Current Issue Article Abstracts
October 2017 Vol. 78.4
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The fact that nonhuman animals share the power of communication, plus the likelihood that some share our capacity for ideation, demands reevaluation of why human ideas matter, and especially whether they adequately convey a sense of our place within the rest of nature. Nonhuman beings and phenomena may be intrinsically unhuman, but are not necessarily less important than us. Analysis of this difference-as-significance is an ongoing problem of the Anthropocene. This essay focuses on Arthur Lovejoy’s Great Chain of Being and Edmund Burke’s concept of the sublime, describing alternative ways of situating humans in relation to the nonhuman.
The De pietate Aristotelis erga Deum et homines (1645) by Fortunio Liceti is a one-of-a-kind text. In this book Liceti claimed that Aristotle converted to Judaism, and that he never contradicted the Scriptures in his writings. At a time when competing philosophical and scientific schools put Aristotle at odds with faith, restoring his reputation from a religious point of view could be seen as key to safeguarding Peripateticism. Nonetheless Liceti composed his work not to polemicize with anti-Aristotelians, but rather with fellow Aristotelians who were not sufficiently committed to defending his stature.
Richard Ligon’s True and Exact History of Barbados has been recognized as a major source of information on the emergence of planter society and slavery in the English Caribbean. Curiously, however, the centrality of the text’s discussion of business has been overlooked. Yet Ligon presents the History as a how-to manual on building and managing a sugar fortune. In doing so, Ligon self-consciously connects his work to Baconian ideas of improvement and useful knowledge to legitimize the position of the planters over others, and lend respectability to commercial accumulation.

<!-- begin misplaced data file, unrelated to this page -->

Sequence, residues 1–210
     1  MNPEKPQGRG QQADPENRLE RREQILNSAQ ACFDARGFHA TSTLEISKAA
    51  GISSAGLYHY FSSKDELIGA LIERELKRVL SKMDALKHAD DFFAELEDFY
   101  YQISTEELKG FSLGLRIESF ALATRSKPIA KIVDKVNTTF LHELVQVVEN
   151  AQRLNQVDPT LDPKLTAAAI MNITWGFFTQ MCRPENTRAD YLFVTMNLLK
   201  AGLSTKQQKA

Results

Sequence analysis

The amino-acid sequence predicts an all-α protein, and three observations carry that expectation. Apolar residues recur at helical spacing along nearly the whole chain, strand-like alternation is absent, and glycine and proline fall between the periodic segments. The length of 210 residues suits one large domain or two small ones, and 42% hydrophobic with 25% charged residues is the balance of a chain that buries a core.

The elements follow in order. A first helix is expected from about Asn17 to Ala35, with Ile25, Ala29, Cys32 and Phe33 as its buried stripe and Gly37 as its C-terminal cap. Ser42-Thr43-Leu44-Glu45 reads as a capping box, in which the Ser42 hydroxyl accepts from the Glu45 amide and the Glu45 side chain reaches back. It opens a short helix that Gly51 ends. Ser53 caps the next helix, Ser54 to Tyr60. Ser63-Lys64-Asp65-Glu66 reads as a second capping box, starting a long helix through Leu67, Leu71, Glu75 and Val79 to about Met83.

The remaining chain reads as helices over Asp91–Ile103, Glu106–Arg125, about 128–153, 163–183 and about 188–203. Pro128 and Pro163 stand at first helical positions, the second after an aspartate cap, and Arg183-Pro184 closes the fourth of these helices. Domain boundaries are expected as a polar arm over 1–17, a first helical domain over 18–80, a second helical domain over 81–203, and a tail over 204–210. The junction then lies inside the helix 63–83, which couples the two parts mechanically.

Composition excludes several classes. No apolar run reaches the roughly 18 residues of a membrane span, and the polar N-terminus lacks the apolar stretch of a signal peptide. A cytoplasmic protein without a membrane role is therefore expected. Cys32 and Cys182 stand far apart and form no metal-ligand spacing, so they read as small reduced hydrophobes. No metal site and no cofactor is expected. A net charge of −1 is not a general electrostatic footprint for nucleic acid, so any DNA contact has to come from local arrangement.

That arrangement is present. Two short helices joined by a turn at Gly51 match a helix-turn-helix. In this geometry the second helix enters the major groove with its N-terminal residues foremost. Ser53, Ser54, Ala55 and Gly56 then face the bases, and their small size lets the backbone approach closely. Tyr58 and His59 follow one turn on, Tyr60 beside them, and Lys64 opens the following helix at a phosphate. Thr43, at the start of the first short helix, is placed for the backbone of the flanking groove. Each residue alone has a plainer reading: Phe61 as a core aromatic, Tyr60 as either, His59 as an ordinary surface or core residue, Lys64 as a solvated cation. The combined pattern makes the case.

When we read the Origin, we cannot help but hear echoes of the Wealth of Nations. Darwin’s “economy of nature” features a “division of labour” that leads to complexity and productivity. We should not, however, analyze Darwin’s ethics through this lens. Darwin did not draw his economic ideas from Smith, nor did he base his ethics on an economic foundation. Darwin’s ethics rest on Smith’s notion from the Theory of Moral Sentiments of an innate human faculty of sympathy. Darwin gave this faculty an evolutionary interpretation and built on this foundation an ethics far removed from what is commonly supposed.
Historians of sexuality credit marital advice with disseminating a modern discourse of the sexual, as developed by sexologists who understood sex as normal or abnormal. Marie Stopes did not reproduce their findings but drew on the methods of biometricians in attempting to normalize the natural. Thinking about Stopes’s methods in discerning a naturally occurring curve of normal female sex-impulses in relation to Havelock Ellis points to constraints in his production of the normal. The article traces the impact of Stopes’s attempt to measure desire by analyzing letters from her readers who became partners in the great scientific project of normalization.
This article reconstructs Leo Strauss’s reading of Rousseau’s Epicureanism to argue that his work is unified by an abiding concern with the problem of theory and practice. Strauss sought to clarify the distinction between theory and practice he considered a fundamental precondition of any properly philosophical reflection on political life, and he explained the pernicious obscuring of that distinction through a narrative tracing the modern modifications of classical Epicureanism. Strauss’s critical history of modern political thought is thus part of his attempt to restore the classical distinction between theory and practice to the status of a philosophical problem in modernity.
A review essay of recent literature in the field of Warburg studies.